TODAY'S PAPER
Good Evening
Good Evening
LifestyleRestaurantsFood and Drink

10 great buys at Ideal Restaurant Supply Company in Carle Place

Newsday food writer Erica Marcus takes a trip

Newsday food writer Erica Marcus takes a trip to Ideal Restaurant Supply in Carle Place and offers tips for buying kitchen supplies. Credit: Randee Daddona

The vast Carle Place showroom of Ideal Restaurant Supply Company, founded in 1911, is stacked to the rafters with professional food-service equipment and kitchenware. The public is welcome to shop there, too, and home cooks will find treasures they didn’t know they needed. Here’s a small sampling of great buys that will pay culinary dividends for years to come:

MIXING BOWLS: You can’t have enough lightweight stainless-steel mixing bowls and, when they nest so neatly, seven take up the same amount of space as the biggest one. Toss a crowd’s-worth of salad in the largest—19 inches across. The smallest will hold enough egg wash for a batch of scones. In between, beat eggs, whip cream, dry-rub meat, dredge cutlets, make an ice bath. $1.50 to $25.95

VEGETABLE PEELER: Odds are, you’ve had the same dull, flimsy, vertical swivel-bladed vegetable peeler ever since—well, it’s been a long time. And whenever you tackle a mountain of spuds for potato salad, for instance, you end up nursing a sore finger and a grudge. Time for an upgrade. In terms of expense, after, all, a peeler is one of a cook’s most inexpensive indispensables. And if you are going to use it mainly for big round things like potatoes, apples or a butternut squash, then you will find a Y-blade —the hands-down favorite of professional chefs—superefficient. $2.95

ELECTRIC KITCHEN SCALE: Perhaps it’s been all the pandemic baking going on, but American cooks are finally more comfortable with measuring dry ingredients by weight. It’s fast, easy and most important, accurate. In contrast, a cup measure of flour can vary widely depending on how it was put into the cup. $44

DISHES FOR BAKING (AND MORE): You’ll never see a better selection of ramekins and small bowls. Use them for crème brûlée and chocolate lava cakes, but also for serving nuts or olives and for organizing ingredients before you make your way through a recipe. As for the gratin dishes, spoon in some leftover mashed potato or mac-and-cheese, sprinkle with breadcrumbs, brown for a few minutes in a hot oven and wait for applause. $1 to $10

MICROPLANE RASP: Sure, you can use the small holes on an old-fashioned box grater to shred Parmesan, citrus zest and more, but the high-tech Microplane rasp has photo-etched (i.e., ultrasharp) teeth that cut like knives, resulting in a greater volume of fluffier, tissue-thin wisps. The Microplane was invented in 1991 at Arkansas company Grace Manufacturing as a wood-carving rasp; three years after production started, the wife of a Canadian tool catalog company used it to zest oranges for a cake. The rest, as they say, is history. $13.95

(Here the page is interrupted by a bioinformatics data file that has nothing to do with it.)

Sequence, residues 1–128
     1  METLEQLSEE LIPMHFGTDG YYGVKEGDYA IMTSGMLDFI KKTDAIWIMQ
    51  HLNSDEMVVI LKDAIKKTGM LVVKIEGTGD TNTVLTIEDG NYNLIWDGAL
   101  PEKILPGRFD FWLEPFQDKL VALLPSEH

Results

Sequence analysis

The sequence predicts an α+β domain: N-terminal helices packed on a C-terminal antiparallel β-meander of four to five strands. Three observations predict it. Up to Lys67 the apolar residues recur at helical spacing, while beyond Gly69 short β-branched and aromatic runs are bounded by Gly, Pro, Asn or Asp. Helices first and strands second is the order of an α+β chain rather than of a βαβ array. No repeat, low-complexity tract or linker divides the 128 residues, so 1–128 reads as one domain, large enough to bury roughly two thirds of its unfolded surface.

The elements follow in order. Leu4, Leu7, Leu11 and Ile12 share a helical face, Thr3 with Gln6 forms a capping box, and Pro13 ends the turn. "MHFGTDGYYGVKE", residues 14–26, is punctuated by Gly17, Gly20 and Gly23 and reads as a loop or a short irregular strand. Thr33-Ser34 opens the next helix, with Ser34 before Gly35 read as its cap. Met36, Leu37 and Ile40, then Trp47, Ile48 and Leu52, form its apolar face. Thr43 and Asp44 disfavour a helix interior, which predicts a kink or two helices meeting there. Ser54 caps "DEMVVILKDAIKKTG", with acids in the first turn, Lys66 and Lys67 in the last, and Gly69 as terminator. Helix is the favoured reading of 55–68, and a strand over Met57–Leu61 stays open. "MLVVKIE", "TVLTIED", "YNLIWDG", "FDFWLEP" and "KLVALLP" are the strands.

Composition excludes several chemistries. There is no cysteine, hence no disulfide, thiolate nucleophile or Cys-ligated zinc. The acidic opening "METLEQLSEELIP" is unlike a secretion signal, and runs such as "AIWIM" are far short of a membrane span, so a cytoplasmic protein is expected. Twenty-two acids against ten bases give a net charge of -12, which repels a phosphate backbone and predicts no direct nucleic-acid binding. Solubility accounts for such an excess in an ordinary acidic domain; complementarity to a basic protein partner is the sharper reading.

TONGS: For flipping or lifting foods, spring-loaded tongs give you greater control than turners or forks. Use them for bacon, holding a piece of meat as you sear it on all sides, or transferring spaghetti into a pan of sauce. Shorter tongs allow more precision; long ones are best for the grill. $11 to $14

DINNERWARE: A restaurant supply store is a great source of sturdy, value-priced plates, bowls and co ee mugs, and it’s the place to buy the indestructible retro-style dinnerware popularized by diners and luncheonettes. The Homer Laughlin China Co. (est. 1871) in West Virginia, which also produces Fiesta ware, was the original manufacturer. $1.50 (for a saucer) to $20 (platter)

PAN SCRAPER: This little devil possesses the perfect blend of stiffness and flexibility to scrape hardened dough o counters, the dried remnants of eggs out of a skillet or, with the help of a little Goo Gone, stubborn labels off bottles and ceramic serving pieces. $1.95

UTILITY SCISSORS: These elegant Chinese shears will take apart a chicken or fish, cutting right through the bones. They make lighter kitchen tasks—such as cutting parchment paper and twine, snipping chives—a breeze, and are just as useful cutting through flower stems and cardboard. $5.95

PERFORATED SPOONS: Separating foods from a liquid habitat is the job of many kitchen tools, from olive spoons to colanders. These heavy-duty stainless-steel perforated spoons are perfect for extracting vegetables from boiling water, lardons from molten pork fat or giving any pot a good stir. With their industrial chic, they may find their way to your table, too. $9.95 to $10.95

Ideal Restaurant Supply is at 125 Voice Rd., Carle Place; 516-482-7000, idealrsc.com

Latest reviews